All the planning had helped Caroline to keep moving forward, to stop her from thinking about all the words left unsaid, all the moments they would not share: her dad walking her down the aisle, or getting to meet his grandchildren.

Caroline was now, at 23 years old, the sole heiress of her father’s multimillion-dollar estate. She was also in charge of his radio empire, with its 19 employees, and his charity. Although Kraddick had been planning for his eventual death, he had run out of time. How would Kidd Kraddick in the Morning continue without Kidd Kraddick? 

Because Caroline was so young, her mother, Carol, stepped in to help manage the business affairs of her ex-husband’s company. The move didn’t please everyone. Some felt Kraddick wouldn’t want her having a hand in his business. But the couple had been married for 21 years, and Kraddick had credited Carol with pushing him early on in his career.

Then there was the matter of the fiancée, Mullen, living in Kraddick’s 31st-floor condo at the W. What would become of her? She was devastated by Kraddick’s death. (She declined to be interviewed for this story, saying she was not yet ready to talk about Kraddick.) The condominium now belonged to Caroline. Mullen was given several weeks to move out.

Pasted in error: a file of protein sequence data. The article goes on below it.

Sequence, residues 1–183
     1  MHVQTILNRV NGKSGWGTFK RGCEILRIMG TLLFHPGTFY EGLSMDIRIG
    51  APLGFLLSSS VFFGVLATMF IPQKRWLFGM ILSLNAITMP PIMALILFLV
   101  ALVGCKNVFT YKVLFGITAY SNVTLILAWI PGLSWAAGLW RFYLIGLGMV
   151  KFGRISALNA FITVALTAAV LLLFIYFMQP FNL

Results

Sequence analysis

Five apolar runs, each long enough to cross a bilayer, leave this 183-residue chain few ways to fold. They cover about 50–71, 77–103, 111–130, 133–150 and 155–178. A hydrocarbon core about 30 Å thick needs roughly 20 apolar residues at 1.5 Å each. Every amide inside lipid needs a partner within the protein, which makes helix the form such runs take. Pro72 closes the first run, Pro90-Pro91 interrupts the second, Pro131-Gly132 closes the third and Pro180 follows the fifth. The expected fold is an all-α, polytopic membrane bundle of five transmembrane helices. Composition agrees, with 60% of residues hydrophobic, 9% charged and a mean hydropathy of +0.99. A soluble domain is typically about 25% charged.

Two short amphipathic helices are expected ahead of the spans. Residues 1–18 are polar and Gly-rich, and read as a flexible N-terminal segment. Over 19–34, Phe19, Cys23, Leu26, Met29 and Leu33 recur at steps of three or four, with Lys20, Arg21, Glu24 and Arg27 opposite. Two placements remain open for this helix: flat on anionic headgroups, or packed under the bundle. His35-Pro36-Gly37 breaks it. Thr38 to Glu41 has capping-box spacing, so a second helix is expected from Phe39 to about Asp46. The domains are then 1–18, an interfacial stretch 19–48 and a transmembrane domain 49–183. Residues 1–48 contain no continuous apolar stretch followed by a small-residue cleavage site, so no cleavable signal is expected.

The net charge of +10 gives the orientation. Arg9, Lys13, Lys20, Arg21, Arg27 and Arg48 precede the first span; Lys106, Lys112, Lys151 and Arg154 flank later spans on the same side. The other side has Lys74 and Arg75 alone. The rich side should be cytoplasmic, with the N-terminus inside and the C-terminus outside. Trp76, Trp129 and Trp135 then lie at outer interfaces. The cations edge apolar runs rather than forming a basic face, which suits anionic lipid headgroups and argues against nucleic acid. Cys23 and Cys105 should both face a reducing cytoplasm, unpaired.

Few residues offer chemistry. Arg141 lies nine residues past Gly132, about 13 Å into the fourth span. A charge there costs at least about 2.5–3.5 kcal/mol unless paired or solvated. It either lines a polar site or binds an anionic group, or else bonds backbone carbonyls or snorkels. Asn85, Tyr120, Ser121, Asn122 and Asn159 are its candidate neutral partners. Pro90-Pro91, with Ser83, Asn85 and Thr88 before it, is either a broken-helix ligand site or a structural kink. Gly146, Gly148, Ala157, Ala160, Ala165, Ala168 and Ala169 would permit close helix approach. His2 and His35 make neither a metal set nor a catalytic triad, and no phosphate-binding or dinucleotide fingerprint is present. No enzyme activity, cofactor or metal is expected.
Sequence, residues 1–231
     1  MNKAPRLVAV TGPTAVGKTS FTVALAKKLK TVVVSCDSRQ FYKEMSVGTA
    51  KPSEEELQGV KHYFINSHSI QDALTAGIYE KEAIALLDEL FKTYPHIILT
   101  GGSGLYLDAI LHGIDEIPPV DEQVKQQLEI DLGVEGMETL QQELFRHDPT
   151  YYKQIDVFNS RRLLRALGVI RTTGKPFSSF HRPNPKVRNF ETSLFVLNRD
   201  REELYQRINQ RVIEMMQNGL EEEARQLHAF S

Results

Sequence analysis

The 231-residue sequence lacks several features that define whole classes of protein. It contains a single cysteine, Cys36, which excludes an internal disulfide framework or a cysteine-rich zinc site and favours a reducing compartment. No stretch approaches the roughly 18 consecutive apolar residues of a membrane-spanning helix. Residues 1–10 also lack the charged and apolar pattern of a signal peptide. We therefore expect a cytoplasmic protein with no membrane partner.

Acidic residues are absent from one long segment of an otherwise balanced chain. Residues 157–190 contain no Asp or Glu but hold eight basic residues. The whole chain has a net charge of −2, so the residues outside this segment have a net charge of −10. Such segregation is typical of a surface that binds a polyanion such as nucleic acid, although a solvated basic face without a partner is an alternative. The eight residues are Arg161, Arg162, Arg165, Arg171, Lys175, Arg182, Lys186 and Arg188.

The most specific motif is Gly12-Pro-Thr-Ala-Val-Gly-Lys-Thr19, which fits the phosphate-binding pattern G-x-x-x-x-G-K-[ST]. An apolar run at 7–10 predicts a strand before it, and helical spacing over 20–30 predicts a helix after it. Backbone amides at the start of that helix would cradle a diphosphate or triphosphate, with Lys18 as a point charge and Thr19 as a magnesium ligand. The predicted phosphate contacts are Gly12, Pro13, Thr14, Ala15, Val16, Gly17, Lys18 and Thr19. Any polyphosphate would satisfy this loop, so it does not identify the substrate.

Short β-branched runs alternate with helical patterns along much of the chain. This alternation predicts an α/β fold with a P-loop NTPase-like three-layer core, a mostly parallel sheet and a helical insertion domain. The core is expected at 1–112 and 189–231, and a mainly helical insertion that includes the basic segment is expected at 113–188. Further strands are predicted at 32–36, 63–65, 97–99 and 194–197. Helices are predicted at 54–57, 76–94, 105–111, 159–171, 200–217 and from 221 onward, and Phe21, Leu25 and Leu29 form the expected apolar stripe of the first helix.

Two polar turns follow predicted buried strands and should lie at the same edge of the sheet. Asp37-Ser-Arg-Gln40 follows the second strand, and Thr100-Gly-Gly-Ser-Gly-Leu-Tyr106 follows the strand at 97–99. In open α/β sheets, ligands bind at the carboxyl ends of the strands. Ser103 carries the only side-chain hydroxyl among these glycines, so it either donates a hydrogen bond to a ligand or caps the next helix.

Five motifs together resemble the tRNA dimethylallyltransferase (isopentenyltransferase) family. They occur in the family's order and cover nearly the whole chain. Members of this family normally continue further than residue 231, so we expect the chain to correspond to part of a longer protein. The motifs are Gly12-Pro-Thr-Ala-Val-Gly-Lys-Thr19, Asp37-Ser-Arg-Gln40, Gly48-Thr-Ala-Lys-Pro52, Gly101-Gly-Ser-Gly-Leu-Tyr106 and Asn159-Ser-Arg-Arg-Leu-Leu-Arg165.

Tensions rose. Lawyers got involved. An attorney working for Kraddick’s estate used a subpoena to try to get video footage from cameras outside of Kraddick’s condo and storage unit, wanting to know exactly what had been taken out of the penthouse since his death. The women were trying to resolve their disputes quietly, but most people around the company knew what was happening, and some began taking sides with either his fiancée or his daughter. 

But on this summer night, all that was still to come. In her Ritz suite, Caroline began to hum, warming her voice to sing, as she clicked across the marble foyer in her heels, her teary eyes covered by large Dior sunglasses. She glided into the elevator and headed down, down, down, out into the sunlight, out into a crowd growing larger by the minute.

It was time to say goodbye to Kidd.

Email jamie.thompson@yahoo.com

Correction: An earlier version of this story mistakenly stated that Tom Hicks and Mike Modano are members of Dallas National Golf Club.